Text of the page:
you take a family to the seaside, to some charming inland place, the great thing to consider is, whether you mean to go at a fashionable or unfashionable time. If you want early peas or early strawberries, you must pay for them expensively; but if you will only wait, you will have your peas and strawberries both cheaper and better. It is very much the same kind of thing in respect to holiday accommodation. I remember, one autumn, having a delicious little house on the Devonshire coast. All around were woods and waters. A pleasant winding-path conducted us to the tiny bay, where the clear water rippled over a pebbly beach. Into the little market-place, on a Saturday, came the country people, with much store of fruit, vegetables, and poultry, at most moderate prices ; to be exact, meat about eighteenpence a pound, and poultry four shillings a couple. It was a most fashionable little town ; but it so fortunately happened for me that fashion and the devices of the physicians had declared that its season must be a winter season. I had the house for the summer and the early autumn, and its rent was a guinea and a half a week. But on

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the 1st of October the rent would be three guineas weekly, on the 1st of November it would be six guineas, and by the middle of January it would probably be nine guineas a week. During the season of the year in which I had it, the climate and the country were in the utmost perfection.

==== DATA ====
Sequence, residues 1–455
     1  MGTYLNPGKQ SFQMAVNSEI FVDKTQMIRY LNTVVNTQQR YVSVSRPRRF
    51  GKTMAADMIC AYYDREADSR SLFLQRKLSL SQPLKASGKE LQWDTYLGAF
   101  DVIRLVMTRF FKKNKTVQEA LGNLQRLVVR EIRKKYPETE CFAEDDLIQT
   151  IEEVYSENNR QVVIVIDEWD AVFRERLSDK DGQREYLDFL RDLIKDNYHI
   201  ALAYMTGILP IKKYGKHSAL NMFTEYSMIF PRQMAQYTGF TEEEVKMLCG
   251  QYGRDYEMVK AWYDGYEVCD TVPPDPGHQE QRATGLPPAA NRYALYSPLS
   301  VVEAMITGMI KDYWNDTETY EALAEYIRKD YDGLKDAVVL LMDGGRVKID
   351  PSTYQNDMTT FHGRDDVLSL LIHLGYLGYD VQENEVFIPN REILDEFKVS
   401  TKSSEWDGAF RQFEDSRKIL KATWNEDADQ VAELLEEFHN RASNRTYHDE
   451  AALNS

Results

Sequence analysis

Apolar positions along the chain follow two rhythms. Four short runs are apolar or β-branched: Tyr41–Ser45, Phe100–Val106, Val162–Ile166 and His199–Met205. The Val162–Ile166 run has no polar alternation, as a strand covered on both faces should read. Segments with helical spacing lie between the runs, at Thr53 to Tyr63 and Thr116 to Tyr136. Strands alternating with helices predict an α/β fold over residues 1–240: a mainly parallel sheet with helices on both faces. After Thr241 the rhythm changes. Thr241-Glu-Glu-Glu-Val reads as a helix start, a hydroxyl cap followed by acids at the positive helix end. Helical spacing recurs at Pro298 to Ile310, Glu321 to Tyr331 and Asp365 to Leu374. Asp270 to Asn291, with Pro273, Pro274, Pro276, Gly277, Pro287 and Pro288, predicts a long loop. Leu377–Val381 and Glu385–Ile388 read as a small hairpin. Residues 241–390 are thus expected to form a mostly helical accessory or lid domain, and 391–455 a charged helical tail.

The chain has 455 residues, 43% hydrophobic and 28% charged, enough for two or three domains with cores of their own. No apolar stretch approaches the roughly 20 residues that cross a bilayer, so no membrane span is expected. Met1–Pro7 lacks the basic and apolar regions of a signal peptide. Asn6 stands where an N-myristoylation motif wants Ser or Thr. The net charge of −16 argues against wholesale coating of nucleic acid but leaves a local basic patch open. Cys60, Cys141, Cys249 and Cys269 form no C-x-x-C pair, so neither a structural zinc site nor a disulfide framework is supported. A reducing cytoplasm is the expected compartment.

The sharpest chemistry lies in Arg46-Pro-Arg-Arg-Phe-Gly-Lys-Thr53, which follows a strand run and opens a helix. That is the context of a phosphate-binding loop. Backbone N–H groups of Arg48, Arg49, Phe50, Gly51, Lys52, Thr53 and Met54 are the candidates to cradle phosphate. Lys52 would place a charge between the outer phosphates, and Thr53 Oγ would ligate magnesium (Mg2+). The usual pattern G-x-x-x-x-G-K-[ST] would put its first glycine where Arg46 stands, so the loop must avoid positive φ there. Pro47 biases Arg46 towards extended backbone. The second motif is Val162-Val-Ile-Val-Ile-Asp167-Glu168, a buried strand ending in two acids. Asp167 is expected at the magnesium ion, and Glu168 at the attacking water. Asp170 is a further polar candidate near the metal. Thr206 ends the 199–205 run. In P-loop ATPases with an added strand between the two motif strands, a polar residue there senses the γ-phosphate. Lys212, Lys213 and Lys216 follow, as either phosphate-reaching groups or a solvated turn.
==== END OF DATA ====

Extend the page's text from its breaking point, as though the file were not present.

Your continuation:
Perhaps the winter, for some diseased lives, would give the best climate; but you had simply to live on the top of the cliffs instead of beneath them, and the place afforded an admirable summer climate, a climate that was cooler in summer just as it was also warmer in winter. According to my own view, I combined the maximum of enjoyment with the minimum of expense. Because I could not get a winter house cheap at this particular place, I was not convinced that I could not get an admirable winter climate at a most reasonable rate. I had simply to discard the vagaries of fashion and the irrationality of Englishmen. That which constitutes the softness, mildness, and equability of the climate of the English seaboard is the healing influence of the Gulf Stream. It is the Gulf Stream which prevents the climate of England being that of Labrador. Take, for instance, the case of Devonshire. We might indeed go a great deal more north than Devonshire for our illustration.

If you go up the western coast of Scotland, in the Isle of Bute you may find a soft and balmy climate as healthful as Bournemouth, or almost as good as Madeira itself. For the matter of